As ‘resilience’ replaces ‘disaster risk reduction’ as THE strategy*, possibilities to consider human behaviour come into view. But human behaviour is complicated particularly for the humanitarian sector. This year however, the IFRC, the tackles it head on in their annual World Disasters Report 2014, entitled Culture and Risk.
When I spoke about this some months back to Swarna Rajagopalan from the Chennai- based feminist think tank, The Prajnya Trust, she told me:
“Agencies tend to see the inclusion of women thought their gender framework, and miss the women’s own effort for change. All relations whiting a community are trade-offs between power structures on the one hand and kinship, security, etc. on the other. It is important to reflect on whose vision of women’s inclusion are we promoting?”
Maybe not surprisingly, the WDR 2014 is a rather controversial report as it asks the humanitarian sector questions which the sector really struggles with.
- How do we make sure we do not impose our logic of risk on others?
- How do we engage with how real people (and their organizations) behave when faced with risk?
- How do we not force people to act in ways that are unworkable according to their cultures, beliefs, priorities and needs?
- How do we find a way to embrace “culture” when it both limits and empowers people when dealing with the risks they face .. ?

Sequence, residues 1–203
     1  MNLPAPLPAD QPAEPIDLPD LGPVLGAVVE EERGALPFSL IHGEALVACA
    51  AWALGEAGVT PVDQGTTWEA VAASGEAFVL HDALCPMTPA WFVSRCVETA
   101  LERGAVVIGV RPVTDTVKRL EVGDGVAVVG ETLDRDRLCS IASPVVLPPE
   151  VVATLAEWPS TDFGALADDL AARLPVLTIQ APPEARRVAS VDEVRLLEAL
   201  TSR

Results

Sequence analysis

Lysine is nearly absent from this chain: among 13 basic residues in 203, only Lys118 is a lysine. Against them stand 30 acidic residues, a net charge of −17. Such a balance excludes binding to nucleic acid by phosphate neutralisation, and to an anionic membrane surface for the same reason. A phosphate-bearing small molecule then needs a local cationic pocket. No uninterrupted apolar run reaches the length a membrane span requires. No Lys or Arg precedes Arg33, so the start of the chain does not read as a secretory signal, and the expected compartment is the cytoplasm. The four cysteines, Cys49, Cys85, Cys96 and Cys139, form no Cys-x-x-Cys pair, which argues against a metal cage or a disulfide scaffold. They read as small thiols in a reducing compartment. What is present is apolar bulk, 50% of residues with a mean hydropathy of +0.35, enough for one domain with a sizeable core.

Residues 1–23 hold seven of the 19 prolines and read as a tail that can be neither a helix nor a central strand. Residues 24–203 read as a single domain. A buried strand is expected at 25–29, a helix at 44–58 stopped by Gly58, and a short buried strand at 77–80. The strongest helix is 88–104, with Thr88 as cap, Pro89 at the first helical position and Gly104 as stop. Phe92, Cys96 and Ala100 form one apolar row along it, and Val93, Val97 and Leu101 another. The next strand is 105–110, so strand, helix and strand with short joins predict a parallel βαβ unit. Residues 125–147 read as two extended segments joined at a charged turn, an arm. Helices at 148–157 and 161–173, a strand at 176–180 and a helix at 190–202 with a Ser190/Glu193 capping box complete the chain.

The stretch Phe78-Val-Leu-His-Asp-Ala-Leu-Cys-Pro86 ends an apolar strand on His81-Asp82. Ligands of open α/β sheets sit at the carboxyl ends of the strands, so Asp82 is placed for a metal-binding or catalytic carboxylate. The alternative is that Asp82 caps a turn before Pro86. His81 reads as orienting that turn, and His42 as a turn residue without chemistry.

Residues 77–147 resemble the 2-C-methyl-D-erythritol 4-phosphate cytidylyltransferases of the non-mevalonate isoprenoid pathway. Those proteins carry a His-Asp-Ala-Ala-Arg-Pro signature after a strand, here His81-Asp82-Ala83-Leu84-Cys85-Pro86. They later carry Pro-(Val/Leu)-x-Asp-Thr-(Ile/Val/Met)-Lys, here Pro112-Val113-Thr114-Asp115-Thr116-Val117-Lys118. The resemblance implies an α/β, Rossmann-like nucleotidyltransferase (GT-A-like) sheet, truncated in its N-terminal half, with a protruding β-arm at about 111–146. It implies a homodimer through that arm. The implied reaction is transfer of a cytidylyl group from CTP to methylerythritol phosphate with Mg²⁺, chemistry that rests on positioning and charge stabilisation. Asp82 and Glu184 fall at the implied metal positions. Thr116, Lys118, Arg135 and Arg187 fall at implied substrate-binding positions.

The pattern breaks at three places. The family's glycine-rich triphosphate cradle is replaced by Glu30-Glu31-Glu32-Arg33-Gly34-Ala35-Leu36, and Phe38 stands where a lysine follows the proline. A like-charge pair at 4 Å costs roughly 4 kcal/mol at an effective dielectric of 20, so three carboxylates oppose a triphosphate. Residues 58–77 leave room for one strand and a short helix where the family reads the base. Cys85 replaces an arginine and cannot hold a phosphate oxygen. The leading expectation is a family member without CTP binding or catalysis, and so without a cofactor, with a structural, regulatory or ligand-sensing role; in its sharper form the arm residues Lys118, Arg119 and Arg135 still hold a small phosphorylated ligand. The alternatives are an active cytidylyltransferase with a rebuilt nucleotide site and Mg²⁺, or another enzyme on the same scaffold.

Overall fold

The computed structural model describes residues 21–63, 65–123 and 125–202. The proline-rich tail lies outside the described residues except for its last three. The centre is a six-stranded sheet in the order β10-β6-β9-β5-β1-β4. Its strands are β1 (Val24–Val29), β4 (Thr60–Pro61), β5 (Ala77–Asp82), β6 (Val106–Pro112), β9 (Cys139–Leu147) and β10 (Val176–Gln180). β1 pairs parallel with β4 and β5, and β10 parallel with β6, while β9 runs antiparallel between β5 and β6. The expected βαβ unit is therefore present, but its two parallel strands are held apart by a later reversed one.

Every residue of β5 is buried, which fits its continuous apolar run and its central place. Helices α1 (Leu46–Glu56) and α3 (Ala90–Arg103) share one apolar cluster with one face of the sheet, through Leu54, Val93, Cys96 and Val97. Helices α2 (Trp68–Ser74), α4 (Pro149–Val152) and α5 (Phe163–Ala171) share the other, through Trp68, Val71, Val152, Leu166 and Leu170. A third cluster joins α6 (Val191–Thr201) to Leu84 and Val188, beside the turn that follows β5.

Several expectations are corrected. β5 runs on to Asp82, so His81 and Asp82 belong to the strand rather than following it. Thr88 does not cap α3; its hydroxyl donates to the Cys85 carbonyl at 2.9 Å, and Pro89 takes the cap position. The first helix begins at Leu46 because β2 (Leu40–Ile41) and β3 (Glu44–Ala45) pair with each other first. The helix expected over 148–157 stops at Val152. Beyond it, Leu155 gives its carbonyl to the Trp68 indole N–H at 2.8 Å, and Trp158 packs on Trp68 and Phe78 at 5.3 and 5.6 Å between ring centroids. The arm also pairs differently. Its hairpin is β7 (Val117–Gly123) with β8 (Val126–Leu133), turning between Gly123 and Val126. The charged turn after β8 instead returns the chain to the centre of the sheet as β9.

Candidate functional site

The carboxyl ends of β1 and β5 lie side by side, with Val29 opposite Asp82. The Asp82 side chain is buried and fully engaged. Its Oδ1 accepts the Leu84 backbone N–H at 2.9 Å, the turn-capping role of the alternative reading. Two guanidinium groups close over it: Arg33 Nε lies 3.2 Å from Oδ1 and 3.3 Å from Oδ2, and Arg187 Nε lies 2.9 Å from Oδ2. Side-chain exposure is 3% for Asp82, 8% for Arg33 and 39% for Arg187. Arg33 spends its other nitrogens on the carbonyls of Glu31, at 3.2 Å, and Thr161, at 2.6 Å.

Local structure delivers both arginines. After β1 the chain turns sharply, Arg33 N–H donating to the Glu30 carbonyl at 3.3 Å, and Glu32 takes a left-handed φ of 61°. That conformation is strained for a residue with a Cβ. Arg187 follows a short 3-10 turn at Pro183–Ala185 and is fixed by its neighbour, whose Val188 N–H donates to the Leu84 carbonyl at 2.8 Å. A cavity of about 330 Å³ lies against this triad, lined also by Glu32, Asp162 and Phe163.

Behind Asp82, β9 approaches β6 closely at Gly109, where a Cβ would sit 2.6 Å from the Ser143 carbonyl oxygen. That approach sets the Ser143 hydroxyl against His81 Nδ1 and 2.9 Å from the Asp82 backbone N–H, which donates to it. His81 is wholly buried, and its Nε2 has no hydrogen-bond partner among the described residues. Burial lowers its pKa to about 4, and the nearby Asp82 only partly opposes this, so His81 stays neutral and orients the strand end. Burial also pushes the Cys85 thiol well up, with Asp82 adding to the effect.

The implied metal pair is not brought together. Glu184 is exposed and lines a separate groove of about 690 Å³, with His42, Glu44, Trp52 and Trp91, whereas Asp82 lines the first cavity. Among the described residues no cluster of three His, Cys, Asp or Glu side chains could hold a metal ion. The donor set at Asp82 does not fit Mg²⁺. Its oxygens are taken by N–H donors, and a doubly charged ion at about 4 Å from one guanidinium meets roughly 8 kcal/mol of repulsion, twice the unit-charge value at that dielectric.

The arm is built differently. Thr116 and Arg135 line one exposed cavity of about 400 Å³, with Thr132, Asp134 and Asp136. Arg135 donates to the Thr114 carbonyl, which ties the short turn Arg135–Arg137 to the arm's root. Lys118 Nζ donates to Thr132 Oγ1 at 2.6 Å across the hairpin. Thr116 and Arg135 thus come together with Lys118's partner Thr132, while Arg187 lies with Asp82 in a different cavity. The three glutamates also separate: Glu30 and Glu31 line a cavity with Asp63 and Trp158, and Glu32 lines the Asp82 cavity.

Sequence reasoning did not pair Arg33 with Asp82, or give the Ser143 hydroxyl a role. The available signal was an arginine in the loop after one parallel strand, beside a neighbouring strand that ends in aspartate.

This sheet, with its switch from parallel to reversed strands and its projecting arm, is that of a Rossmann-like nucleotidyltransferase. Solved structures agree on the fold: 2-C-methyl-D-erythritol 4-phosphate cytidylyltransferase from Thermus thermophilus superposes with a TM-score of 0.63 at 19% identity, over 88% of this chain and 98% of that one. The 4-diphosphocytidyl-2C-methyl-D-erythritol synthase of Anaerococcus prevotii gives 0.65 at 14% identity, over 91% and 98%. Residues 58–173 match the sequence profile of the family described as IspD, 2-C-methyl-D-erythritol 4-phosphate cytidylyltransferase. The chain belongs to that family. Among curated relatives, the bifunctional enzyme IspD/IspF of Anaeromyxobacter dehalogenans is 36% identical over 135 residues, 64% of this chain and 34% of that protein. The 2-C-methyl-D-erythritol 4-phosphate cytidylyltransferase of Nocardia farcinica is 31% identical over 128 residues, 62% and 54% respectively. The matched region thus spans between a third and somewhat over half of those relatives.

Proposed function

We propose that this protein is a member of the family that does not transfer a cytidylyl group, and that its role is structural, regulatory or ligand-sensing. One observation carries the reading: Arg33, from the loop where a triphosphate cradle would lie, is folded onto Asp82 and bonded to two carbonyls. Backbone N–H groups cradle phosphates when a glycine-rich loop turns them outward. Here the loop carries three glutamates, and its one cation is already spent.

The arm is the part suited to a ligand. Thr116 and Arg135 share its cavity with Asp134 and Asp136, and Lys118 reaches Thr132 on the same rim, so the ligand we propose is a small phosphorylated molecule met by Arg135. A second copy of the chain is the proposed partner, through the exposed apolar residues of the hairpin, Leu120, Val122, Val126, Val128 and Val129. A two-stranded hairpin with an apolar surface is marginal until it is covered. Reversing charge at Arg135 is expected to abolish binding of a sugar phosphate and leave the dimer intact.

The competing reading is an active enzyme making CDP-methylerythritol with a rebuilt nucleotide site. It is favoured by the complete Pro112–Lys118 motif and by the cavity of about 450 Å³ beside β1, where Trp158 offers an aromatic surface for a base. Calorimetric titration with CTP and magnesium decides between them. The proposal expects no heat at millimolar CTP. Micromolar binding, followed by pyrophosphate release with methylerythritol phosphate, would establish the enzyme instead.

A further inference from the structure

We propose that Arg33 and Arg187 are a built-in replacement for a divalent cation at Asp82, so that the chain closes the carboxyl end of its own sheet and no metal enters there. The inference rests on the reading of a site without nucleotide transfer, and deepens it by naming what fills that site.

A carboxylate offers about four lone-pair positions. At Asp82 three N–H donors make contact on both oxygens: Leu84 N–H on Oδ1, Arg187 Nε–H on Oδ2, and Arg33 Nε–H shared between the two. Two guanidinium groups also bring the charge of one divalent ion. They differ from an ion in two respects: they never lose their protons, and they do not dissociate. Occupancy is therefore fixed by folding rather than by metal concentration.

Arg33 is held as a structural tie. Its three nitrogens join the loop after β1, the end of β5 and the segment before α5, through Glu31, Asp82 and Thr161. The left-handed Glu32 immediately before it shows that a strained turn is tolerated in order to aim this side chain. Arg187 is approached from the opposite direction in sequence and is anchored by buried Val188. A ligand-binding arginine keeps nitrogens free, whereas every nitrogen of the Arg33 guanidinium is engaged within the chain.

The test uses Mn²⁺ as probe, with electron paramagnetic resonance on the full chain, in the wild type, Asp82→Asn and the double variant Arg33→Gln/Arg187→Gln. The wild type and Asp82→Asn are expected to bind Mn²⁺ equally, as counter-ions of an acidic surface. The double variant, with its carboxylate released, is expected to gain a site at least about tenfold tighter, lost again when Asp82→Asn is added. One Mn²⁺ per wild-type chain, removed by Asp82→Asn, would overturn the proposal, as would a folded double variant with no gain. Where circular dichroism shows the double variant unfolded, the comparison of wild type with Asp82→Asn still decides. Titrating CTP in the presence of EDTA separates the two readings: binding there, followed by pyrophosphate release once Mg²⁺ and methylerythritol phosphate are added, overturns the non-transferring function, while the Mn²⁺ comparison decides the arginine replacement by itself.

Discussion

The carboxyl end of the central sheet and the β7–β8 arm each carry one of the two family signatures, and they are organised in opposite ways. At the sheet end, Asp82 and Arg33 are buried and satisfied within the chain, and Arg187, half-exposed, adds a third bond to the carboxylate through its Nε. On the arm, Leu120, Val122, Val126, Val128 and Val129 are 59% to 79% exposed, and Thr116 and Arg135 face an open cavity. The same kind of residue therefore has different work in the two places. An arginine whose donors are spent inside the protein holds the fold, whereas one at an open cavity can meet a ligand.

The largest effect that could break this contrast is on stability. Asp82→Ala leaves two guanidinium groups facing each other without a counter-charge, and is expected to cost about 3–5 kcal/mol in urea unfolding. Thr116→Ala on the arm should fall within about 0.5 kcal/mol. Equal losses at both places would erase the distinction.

In the report, Elhadj As Sy, The Secretary General of the IFRC, reflects:
“The one thing that is certain is that we will have less sustained impact if we do not adequately take account of people’s cultures, beliefs and attitudes in relations to risk. With climate change leading to damaged livelihoods, and therefore more vulnerability, and making hazards more extreme and/ or frequent, we have to get this right.”
I agree that we have to get this right!
But suggest that we just don’t take culture into account as The Sectary General encourages, but instead make culture central. Simply by ensuring we understand the culture of the humanitarian sector, our own culture that we take around the world. And then above all respect the culture(s) our culture finds itself in!
additional reading: Culture, risk and the build environment – Chapter 5 of the WDR 2014 – is maybe the most interesting to us ‘builders’. The box Women: a crucial role in housing recovery is my contribution to the report and can be found on p.136
and here for the little WDR 2014 video!
* The Hyogo Framework for Action (2005-2015): Building the Resilience of Nations and Communities to Disasters has been the world’s first comprehensive attempt to mainstream resilience into disaster risk management.